Understanding MISMO XML Model Extensions
September 10, 2020
In this article, we review how MISMO Extensions are designed and why. We use a simplified version of the iLad schema to show how you can create your own extension to the MISMO schema.
MISMO Extension Model Goals
The MISMO architects had the following goals for the extension mechanism:
- Any container element should be extensible. In the MISMO vocabulary, a “Container Element” is an element that contains other elements, instead of contained data directly. Think of an analogy to a database. A container element holds data points like a database table holds columns.
- Anyone should be able to extend the MISMO standard without ever having to modify the MISMO-published schema files. Editing the MISMO copyrighted files is bad practice because we may end up with schemas that unintentionally masquerade as the official MISMO files. It is also a violation of the MISMO copyright.
- Multiple organizations might want to extend the model at the same time. The model should allow that. In fact, that is exactly what we see in the MISMO iLAD specification. There are extensions from Fannie Mae and Freddie Mac both.
- The extended schema should be able to validate the MISMO data and all the extension data, all in one pass.
MISMO XML Extension Points
Each container in the MISMO Data Model has an element called EXTENSION of an XML data type that is defined specifically for extending that container. For example, the LOAN container has an EXTENSION element of type LOAN_EXTENSION. The extension types are all structured in the same way, as shown in Figure 1 below.
Figure 1 - MISMO Extension Type Template
Each extension type is composed by two sub-elements: MISMO and OTHER. The MISMO element is reserved for extensions published by MISMO. The OTHER element is available for extensions created by anyone else. It can contain any valid XML from any namespace, except the MISMO namespace. That is denoted by the xsd:any element with a namespace of ##other, as shown in figure 2 below:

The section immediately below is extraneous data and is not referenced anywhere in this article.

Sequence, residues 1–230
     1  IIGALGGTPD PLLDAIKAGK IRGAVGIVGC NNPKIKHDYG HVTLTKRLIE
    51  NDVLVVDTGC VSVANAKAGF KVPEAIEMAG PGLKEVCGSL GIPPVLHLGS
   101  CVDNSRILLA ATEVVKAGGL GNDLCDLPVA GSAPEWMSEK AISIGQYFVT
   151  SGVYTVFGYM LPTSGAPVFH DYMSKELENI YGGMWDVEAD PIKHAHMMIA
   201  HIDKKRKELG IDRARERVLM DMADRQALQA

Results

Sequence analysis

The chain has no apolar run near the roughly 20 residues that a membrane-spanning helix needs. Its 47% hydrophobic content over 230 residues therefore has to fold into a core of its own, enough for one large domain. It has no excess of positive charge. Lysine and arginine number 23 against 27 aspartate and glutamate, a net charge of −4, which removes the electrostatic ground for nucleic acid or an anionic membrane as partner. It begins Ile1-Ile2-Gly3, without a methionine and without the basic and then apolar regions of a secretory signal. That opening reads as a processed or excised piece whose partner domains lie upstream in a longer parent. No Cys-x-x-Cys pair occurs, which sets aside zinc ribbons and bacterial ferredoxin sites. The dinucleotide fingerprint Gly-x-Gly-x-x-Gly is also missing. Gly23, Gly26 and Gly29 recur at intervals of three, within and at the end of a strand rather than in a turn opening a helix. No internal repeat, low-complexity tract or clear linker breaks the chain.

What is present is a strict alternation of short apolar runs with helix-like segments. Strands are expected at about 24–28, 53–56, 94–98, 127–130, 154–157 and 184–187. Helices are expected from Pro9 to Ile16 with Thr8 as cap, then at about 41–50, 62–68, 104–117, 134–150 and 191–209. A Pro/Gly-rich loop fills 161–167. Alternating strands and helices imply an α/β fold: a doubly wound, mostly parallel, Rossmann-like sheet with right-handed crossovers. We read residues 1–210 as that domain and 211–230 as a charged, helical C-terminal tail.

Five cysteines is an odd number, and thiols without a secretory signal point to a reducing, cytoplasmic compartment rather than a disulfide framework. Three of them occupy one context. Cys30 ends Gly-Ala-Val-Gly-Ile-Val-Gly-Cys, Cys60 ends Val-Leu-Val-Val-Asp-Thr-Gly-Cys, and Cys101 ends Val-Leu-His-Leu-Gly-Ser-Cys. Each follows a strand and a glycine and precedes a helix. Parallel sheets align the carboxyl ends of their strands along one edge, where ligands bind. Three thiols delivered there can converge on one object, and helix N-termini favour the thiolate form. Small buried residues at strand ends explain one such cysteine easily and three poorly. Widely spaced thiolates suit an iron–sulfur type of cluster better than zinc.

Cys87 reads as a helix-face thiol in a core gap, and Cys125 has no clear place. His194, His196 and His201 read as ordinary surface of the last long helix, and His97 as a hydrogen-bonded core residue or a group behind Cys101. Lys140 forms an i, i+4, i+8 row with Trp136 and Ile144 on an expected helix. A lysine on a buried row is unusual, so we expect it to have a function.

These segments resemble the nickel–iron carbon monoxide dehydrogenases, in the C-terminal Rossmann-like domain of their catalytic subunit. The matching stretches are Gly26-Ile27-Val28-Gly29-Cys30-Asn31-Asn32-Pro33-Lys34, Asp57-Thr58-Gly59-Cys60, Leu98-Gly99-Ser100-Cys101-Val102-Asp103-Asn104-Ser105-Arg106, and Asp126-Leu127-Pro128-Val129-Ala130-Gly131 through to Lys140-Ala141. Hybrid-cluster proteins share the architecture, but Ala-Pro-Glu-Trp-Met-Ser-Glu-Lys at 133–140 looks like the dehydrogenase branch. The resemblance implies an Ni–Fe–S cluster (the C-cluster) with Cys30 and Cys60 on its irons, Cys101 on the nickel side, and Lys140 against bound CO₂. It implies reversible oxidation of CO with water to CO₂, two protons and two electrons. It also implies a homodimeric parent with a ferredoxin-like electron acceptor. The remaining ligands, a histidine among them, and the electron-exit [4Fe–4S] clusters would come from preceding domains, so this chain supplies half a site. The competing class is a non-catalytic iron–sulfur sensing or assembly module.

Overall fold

Figure 2 - Definition of OTHER
How to Extend the MISMO Data Model
At the high-level, the process of extending the MISMO schema consists in providing new definitions for the MISMO extension points. To do that, we need to create two schema files:
- The first file is an extension schema that contains our custom element definitions.
- The second file is a wrapper schema that brings together the MISMO standard definitions and our custom definitions for the extension points we want to use.
This process is explained in the sections below.
Creating an Extension Schema
To create a schema for our extensions, we simply need to create a schema with a target namespace that is unique to our company or project. Having a unique target namespace is important because it distinguishes the element names that we create from definitions created by other companies and organizations. For example, in the case of the ULAD extensions, we use http://www.datamodelextension.org/Schema/ULAD as the target namespace.
The figure below shows a sample extension schema. This is a simplified version of the one used in the MISMO iLAD publication.
Figure 3 - Sample Extension Schema
In line 3, we declare the target namespace.
In line 6, we bring in the MISMO data types so that we can use them. In this example, we are making use of the MISMOIndicator type, as shown in line 14.